Learning Objectives & Outcomes
- Describe the historical and contemporary evolution of the goals of community colleges.
- Examine the Aspen Institute’s definition of student success as equity, labor market learning, and completion outcomes, and articulate the rationale for this definition.
- Analyze institutional and community demographic and outcomes data to identify critical gaps, opportunities, or unmet needs.
- Define a strategic vision for student success at their community college based on the above gap analysis.
In recent years, community colleges have been called upon to improve student outcomes, and many sitting community college presidents and other leaders today embrace the concept of prioritizing student success. When they consider student success, most of these leaders focus on increasing degree and certificate completion rates. But many also recognize the limitations of using completion as the only outcome goal.
For this reason, new definitions of student success are emerging that combine a focus on graduation rates with other student outcome goals. Concerns about maintaining broad access for traditionally underserved populations are reflected in enrollment, retention, and graduation goals for students of color or those from low-income backgrounds. Conversations about what happens to students after they graduate have led some community colleges to track transfer and bachelor’s degree attainment as well as employment and earning rates among students who have completed. In short, “student success” is not a self-defining term (although we sometimes act as though it is). To advance student outcomes, community college leaders need to develop a strong understanding of what student success means to them and how they can assess institutional progress against that definition.
This module provides a foundation for defining community college excellence in terms of student success. One of the most important roles for a community college president is to ensure that an institution embraces and works consistently toward a clear vision that includes successful student outcomes. The readings and activities in this module offer participants an opportunity to reflect upon and begin developing that vision, and to consider how to build urgency around a strategic vision and goals.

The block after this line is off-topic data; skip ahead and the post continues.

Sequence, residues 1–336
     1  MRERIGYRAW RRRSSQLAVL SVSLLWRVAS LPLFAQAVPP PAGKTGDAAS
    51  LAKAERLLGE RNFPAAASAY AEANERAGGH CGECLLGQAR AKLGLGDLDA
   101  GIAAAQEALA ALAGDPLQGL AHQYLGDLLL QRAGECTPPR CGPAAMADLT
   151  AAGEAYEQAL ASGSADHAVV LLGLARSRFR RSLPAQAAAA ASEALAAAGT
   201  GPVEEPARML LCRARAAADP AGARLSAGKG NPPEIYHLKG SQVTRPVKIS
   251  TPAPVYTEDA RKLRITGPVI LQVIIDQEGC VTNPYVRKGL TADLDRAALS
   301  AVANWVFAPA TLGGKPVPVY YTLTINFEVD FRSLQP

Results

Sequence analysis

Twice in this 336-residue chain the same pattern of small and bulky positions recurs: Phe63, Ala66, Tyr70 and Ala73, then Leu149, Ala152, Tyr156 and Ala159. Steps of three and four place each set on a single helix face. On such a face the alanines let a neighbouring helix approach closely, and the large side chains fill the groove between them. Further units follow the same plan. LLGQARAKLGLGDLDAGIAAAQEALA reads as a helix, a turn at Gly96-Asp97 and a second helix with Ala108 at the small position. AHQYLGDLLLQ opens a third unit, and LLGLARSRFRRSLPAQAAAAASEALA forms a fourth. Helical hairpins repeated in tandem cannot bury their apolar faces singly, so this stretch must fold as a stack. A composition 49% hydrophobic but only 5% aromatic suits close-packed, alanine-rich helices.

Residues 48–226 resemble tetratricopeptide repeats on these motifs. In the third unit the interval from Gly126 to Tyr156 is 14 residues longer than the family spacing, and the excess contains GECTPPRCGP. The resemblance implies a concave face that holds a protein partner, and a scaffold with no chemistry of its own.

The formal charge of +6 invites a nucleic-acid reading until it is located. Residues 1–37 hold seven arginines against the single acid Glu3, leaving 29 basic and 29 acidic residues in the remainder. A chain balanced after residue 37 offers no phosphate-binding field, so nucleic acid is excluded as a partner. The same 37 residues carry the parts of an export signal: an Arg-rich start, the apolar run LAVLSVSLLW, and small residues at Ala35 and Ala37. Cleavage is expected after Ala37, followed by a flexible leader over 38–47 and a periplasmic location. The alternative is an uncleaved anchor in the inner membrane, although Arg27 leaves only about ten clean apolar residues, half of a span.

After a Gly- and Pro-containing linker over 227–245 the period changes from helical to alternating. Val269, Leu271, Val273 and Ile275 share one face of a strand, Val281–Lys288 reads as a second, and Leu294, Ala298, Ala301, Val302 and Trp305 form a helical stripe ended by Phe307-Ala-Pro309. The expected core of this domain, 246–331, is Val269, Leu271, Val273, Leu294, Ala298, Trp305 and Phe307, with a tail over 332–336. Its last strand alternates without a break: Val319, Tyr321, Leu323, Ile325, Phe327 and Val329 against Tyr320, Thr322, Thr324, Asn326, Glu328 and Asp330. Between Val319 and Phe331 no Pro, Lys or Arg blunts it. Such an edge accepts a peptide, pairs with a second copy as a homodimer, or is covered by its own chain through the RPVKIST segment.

- Aspen Institute, College Excellence Program. (2011). The Aspen Prize for Community College Excellence. Retrieved from https://www.aspeninstitute.org/publications/aspen-prize-community-college-excellence/
- Aspen Institute, College Excellence Program. (2015). The 2015 Aspen Prize for Community College Excellence. Retrieved from https://www.aspeninstitute.org/publications/2015-aspen-prize-community-college-excellence-2/
- Wyner, J. S. (2014). Introduction. In What excellent community colleges do. Cambridge, MA: Harvard Education Press.
- NOVA Strategic Vision 2015: Gateway to the America Dream
- Participants should locate and bring a copy of their college’s mission statement, vision statement, and strategic plan.
- Participants should complete the module data templates (found in the “Resource” section below) to the best of their ability at their institutions. Make clear to participants that they may not find all of the data, or they might find some data in different formats, from different years, or with slightly different data definitions—that is okay! The goal is for participants to have access to a common body of data. Emphasize that these data will not be collected or shared with anyone outside of the group; rather, these templates will provide participants with the information they need to begin forming a strategic vision.
- Kick Off Activity
- Evolving Definitions of Student Success
- Key Learning
- Group Discussion: Cases for Going Beyond Completion
- Defining and Articulating a New Vision of Student Success
- Key Learning
- Group Application Activity: Articulating a Rationale for New Definitions of Student Success
- Group Application Activity: Identifying the Key Actors
- Analyzing Data to Define a Strategic Leadership Vision for Student Success
- Warm-Up Discussion
- Inquiry Activity: Strategic Leadership Vision
- Key Learning
- Individual Application Activity: Creating a Strategic Leadership Vision
- Group Application Activity: Hypotheses for a Strategic Leadership Vision
- On-Campus Activity: Verifying the Hypothesis and Writing a Strategic Leadership Vision